Escape Artistry – Roaring Dan’s Pirate Dungeon [Review]

Seavey shanties

Location: Chicago, IL

Date Played: March 10, 2022

Team Size: 1-8; we recommend 3-5

Duration: 60 minutes

Price: $34 per player for 3+ players

Ticketing: Private

Emergency Exit Rating: [A] Push To Exit

Physical Restraints: [A+] No Physical Restraints

REA Reaction

Roaring Dan’s Pirate Dungeon was based around a truly fascinating bit of local Chicago history: the real-life tale of “Roaring” Dan Seavey, a pirate who frequented the Great Lakes. A well-acted intro video and a theatrical gamemaster helped open this historical portal, and while the room and gameplay were otherwise that of a generic pirate-themed escape room, this historical framing helped the room feel rooted in its location.

Escape Artistry’s rooms stand out for their sustainably built sets, and the masonry and woodwork in Roaring Dan’s Pirate Dungeon were solid and beautiful. Even many of the wooden crates strewn around the room were handbuilt, and some contained some neat handmade mechanical locks.

A pirate's den viewed through a cargo net.

That said, the set felt somewhat underutilized for the puzzles, with most puzzles involving standalone elements in the room. The puzzle flow was fair and contained some rather cute moments, but overall it felt quite dated. I’d love to have seen more Roaring Dan and other local Chicago history directly incorporated into the puzzles and props, and generally more of this story driving the gameplay.

Roaring Dan’s Pirate Dungeon‘s immersive set and smooth, accessible puzzle flow would be especially great for newer escape room players. For experienced players, Duck & Cover Classroom provides denser puzzle content and a few more twists and turns, but Roaring Dan’s Pirate Dungeon would also be an enjoyable appetizer if you have time to play both.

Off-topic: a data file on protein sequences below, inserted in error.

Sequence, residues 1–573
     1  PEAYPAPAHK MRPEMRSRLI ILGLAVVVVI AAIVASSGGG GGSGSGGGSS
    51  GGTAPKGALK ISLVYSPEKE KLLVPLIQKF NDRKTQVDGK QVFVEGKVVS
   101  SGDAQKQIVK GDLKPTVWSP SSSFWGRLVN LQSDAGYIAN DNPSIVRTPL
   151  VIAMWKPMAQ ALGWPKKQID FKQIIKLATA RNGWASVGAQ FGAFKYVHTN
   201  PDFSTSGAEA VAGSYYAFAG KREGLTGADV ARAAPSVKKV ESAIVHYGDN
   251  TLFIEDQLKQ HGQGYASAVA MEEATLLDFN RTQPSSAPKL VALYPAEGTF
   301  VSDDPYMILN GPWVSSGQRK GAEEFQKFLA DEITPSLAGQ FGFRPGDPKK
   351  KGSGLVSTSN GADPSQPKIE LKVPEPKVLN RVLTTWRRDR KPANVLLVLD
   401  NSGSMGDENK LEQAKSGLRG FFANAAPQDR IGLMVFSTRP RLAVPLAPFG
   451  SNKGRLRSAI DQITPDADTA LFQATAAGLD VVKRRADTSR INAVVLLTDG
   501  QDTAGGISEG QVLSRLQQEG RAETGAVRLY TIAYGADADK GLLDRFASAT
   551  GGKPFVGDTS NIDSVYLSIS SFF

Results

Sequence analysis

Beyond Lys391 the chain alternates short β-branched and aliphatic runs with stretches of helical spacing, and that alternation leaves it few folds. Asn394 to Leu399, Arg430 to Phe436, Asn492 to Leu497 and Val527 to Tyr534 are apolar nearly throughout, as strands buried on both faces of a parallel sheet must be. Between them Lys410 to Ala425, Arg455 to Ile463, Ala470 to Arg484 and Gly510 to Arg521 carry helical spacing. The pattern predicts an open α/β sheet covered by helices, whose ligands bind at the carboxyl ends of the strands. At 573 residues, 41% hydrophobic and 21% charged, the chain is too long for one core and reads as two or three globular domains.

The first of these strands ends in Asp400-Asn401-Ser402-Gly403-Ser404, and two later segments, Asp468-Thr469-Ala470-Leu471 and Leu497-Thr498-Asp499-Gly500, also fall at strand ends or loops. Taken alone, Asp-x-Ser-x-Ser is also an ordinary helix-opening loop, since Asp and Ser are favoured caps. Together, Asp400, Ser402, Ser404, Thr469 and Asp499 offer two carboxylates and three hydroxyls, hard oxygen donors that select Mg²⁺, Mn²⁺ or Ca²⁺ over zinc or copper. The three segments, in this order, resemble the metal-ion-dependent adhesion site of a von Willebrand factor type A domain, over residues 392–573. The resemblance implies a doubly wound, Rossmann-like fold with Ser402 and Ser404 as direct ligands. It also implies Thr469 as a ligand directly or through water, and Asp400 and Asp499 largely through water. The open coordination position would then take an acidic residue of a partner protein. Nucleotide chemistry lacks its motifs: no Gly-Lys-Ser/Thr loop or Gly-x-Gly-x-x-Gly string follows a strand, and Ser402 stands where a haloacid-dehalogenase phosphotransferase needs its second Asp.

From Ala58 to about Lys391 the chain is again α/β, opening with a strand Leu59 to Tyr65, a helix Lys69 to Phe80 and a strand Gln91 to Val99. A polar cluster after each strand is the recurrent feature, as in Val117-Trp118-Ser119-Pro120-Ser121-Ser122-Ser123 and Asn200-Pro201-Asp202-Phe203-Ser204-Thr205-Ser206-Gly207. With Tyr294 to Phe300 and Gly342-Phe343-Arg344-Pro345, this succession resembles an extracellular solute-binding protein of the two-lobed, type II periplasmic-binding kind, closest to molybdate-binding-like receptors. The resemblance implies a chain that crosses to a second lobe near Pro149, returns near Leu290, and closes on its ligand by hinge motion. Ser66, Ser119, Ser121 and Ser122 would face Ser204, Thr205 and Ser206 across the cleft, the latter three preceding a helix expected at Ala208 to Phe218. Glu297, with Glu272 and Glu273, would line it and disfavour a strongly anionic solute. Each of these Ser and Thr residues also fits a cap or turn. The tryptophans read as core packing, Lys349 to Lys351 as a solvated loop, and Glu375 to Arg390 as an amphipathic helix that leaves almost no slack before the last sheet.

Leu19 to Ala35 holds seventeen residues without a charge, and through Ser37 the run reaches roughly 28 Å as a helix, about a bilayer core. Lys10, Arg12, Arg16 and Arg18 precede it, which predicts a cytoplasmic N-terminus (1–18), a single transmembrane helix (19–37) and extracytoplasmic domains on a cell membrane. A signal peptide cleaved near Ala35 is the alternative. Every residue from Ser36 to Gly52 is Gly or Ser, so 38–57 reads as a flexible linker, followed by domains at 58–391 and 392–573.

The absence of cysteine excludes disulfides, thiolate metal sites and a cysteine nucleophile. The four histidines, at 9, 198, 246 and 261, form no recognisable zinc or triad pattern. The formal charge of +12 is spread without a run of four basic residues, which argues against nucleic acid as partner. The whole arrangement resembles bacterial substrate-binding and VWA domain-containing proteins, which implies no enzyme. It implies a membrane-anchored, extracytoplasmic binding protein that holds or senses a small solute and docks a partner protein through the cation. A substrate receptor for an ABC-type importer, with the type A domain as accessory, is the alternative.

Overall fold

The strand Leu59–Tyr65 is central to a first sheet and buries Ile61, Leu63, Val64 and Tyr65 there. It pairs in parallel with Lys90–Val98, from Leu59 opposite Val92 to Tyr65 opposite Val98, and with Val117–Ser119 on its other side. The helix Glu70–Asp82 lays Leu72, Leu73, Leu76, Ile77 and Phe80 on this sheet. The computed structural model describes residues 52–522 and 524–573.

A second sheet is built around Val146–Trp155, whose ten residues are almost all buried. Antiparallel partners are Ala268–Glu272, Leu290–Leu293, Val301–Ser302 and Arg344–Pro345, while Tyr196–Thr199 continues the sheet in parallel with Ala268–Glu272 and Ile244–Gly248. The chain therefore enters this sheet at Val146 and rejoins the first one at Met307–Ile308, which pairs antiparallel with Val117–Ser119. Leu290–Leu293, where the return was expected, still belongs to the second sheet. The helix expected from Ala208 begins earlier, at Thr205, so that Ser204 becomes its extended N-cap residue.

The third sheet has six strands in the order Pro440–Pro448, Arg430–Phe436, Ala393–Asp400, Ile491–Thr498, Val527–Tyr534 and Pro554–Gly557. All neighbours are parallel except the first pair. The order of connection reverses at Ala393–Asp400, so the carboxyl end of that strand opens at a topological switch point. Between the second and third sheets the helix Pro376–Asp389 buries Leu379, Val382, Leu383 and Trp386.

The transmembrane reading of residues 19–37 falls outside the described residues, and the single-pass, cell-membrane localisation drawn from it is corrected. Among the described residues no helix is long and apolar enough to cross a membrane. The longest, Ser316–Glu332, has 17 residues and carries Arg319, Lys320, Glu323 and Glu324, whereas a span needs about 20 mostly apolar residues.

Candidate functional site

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Escape Artistry – Duck & Cover Classroom [Review]

๐Ÿงจ ๐Ÿข ๐Ÿงจ

Location: Chicago, IL

Date Played: March 10, 2022

Team Size: 2-8; we recommend 3-5

Duration: 60 minutes

Price: $34 per player for 3+ players

Ticketing: Private

Emergency Exit Rating: [A] Push To Exit

Physical Restraints: [A+] No Physical Restraints

REA Reaction

Duck & Cover Classroom demonstrated an alternative model for how to build escape rooms. Nearly every element in the room was recycled or sustainably sourced. Especially for the 1950s classroom theme, this set design aesthetic looked fantastic. And while this game was built a good few years ago, it had visually aged quite well.

At a time when the budgets to build escape rooms continue to rise rapidly and most rooms use new materials and props shipped from far-off places, Escape Artistry has shown that sets can be both lower budget and more environmentally sustainable without necessarily sacrificing on appearance.

An old classroom, with desks lined up and tall blue lockers.

The gameplay in Duck & Cover Classroom felt similarly creative and appropriate for the theme, with many puzzles that naturally emerged from the items one would find in a primary school classroom. Most props were decently maintained, with the exception of two interactions that were in need of a significant face lift and required gamemaster assistance to function.

Escape Artistry got their start with The Railcar, and continuing in a recognizably theatric style, Duck & Cover Classroom was an admirable step up in terms of scenery cohesion and streamlined puzzle design. If you are in the Chicago area, Duck & Cover Classroom would make an enjoyable addition to your itinerary.

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Escape Artistry – The Railcar

The raw, gluten-free, organic room escape.